The Capital Asset Pricing Model in the 21st Century : Analytical, Empirical, and Behavioral Perspectives
The Capital Asset Pricing Model (CAPM) and the mean-variance (M-V) rule, which are based on classic expected utility theory, have been heavily criticized theoretically and empirically. The advent of behavioral economics, prospect theory and other psychology-minded approaches in finance challenges the rational investor model from which CAPM and M-V derive. Haim Levy argues that the tension between the classic financial models and behavioral economics approaches is more apparent than real. This book aims to relax the tension between the two paradigms. Specifically, Professor Levy shows that although behavioral economics contradicts aspects of expected utility theory, CAPM and M-V are intact in both expected utility theory and cumulative prospect theory frameworks. There is furthermore no evidence to reject CAPM empirically when ex-ante parameters are employed. Professionals may thus comfortably teach and use CAPM and behavioral economics or cumulative prospect theory as coexisting paradigms.
- Electronic book text | 456 pages
- 20 Mar 2012
- CAMBRIDGE UNIVERSITY PRESS
- Cambridge University Press (Virtual Publishing)
- Cambridge, United Kingdom
- 63 b/w illus. 32 tables
Table of contents
1. Overview; 2. Expected utility theory; 3. Expected utility and investment decision rules; 4. The mean-variance rule; 5. The capital asset pricing model (CAPM); 6. Extensions of the CAPM; 7. The CAPM cannot be rejected: empirical and experimental evidence; 8. Theoretical and empirical criticisms of the M-V rule; 9. Prospect theory and expected utility; 10. Cumulative decision weights: no dominance violation; 11. M-V rule, the CAPM, and the cumulative prospect theory: coexistence.
'Currently, trillions of dollars are managed with the aid of quantitative techniques. Major paradigms of quantitative finance include expected utility theory, mean-variance optimization, the closely-related capital asset pricing model, prospect theory, and (Professor Levy's own creation) stochastic dominance. In this book, Professor Levy presents a penetrating analysis of the relationships among these paradigms, often finding mutual support where others find only conflict.' Harry Markowitz, Nobel Laureate, University of California, San Diego 'Levy's book should be required reading for anyone who wants to learn about asset pricing; it is also an essential reference for anyone who wants to contribute to the immense literature in the field, the most important subject in the entire field of finance.' Richard Roll, University of California, Los Angeles 'Here in one volume is a presentation, analysis, and discussion of some of the key pillars of modern financial theory: mean-variance analysis, the capital asset pricing model, expected utility theory, and cumulative prospect theory. Haim Levy presents each theory carefully and completely, discusses the relevant arguments and evidence, and argues convincingly that practitioners and academics should adopt a synthesis that incorporates major elements of these approaches. A real tour de force from one of the major contributors to the field.' William F. Sharpe, Nobel Laureate, Stanford University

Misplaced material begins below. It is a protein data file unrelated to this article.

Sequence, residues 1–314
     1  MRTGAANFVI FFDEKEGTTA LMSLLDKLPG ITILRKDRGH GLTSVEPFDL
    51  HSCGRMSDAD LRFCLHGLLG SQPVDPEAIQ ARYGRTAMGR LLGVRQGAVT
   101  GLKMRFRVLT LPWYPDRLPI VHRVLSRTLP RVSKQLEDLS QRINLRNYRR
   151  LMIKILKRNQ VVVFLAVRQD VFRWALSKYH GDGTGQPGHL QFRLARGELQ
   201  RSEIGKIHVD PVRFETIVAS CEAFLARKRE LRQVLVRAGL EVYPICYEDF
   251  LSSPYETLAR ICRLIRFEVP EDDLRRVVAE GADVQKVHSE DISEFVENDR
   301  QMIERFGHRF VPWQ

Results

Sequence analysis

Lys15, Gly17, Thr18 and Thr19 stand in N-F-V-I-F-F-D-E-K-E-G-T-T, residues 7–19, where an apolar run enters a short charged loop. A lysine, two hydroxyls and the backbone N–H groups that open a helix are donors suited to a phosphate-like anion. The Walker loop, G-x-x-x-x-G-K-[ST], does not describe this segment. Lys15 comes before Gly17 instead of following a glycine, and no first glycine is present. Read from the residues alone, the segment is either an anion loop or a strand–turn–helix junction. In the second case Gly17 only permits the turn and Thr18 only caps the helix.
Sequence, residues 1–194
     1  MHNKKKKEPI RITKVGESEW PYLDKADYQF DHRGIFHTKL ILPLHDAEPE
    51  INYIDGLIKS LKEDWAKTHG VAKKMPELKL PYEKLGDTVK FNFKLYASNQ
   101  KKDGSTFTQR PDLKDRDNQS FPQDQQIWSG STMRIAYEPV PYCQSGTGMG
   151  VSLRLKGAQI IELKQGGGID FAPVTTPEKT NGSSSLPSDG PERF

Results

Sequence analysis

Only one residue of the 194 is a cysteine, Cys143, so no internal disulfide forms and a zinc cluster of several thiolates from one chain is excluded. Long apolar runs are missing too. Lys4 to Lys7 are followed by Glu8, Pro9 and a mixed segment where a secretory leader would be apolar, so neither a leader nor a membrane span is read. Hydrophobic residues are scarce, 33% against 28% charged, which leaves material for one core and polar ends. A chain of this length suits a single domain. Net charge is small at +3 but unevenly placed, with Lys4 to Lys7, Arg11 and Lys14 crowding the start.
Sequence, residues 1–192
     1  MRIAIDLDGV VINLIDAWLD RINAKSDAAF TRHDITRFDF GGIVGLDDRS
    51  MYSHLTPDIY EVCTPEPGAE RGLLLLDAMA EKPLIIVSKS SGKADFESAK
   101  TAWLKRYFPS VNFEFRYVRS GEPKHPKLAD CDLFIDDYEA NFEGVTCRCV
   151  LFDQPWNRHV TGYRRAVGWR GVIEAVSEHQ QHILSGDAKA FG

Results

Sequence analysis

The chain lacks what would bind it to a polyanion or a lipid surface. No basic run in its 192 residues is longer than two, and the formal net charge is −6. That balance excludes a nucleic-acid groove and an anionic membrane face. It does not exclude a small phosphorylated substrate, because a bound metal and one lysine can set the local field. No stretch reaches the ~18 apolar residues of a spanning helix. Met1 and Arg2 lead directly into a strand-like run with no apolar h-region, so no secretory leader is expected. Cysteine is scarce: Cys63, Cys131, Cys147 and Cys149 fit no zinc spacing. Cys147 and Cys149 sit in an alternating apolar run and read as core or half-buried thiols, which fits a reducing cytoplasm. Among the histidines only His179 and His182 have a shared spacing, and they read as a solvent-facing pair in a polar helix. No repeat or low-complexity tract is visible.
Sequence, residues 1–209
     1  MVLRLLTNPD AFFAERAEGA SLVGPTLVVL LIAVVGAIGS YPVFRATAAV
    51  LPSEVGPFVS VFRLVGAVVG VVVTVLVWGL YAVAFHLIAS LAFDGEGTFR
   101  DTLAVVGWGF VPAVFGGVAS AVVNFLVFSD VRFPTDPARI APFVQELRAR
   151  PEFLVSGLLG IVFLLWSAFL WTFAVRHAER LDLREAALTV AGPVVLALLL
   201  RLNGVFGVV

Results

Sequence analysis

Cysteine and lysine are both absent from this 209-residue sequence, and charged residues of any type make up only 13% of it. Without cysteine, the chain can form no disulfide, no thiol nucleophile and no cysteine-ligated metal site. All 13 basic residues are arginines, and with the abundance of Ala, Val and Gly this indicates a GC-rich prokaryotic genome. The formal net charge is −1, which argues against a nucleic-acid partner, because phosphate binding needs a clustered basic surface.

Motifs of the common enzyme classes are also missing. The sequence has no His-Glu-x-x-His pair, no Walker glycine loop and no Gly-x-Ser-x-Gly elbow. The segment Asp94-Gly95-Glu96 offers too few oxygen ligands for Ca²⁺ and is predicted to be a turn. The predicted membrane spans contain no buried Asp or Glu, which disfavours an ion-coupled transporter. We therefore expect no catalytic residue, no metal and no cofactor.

About Haim Levy
Haim Levy is Miles Robinson Professor of Business Administration at the Hebrew University of Jerusalem and Dean of the Academic Center of Law and Business, Israel. The author of hundreds of articles in leading academic journals and about twenty books, he has obtained the ranking of the most prolific researcher in finance in the world covering the forty years through 1986 and the most prolific researcher in finance in the world in the core sixteen finance journals covering the fifty-year period through 2005. A co-author with Nobel Laureates Harry Markowitz and Paul Samuelson, Professor Levy's major research contributions have been to the field of stochastic dominance, which sets forth the criteria for decision making under conditions of uncertainty, in both expected utility and prospect theory paradigms. He has also developed economic models for equilibrium asset pricing in an imperfect market. Professor Levy received the Hebrew University's Prize for Excellence in Research in 1996 and the Emet Prize in 2006. He has served as economic adviser to the Bank of Israel and held a University Professor position at the University of Florida and visiting academic positions at the University of California, Berkeley and the Wharton School, University of Pennsylvania. He received his Ph.D. from the Hebrew University in 1969 and has held a full professorship there since 1976.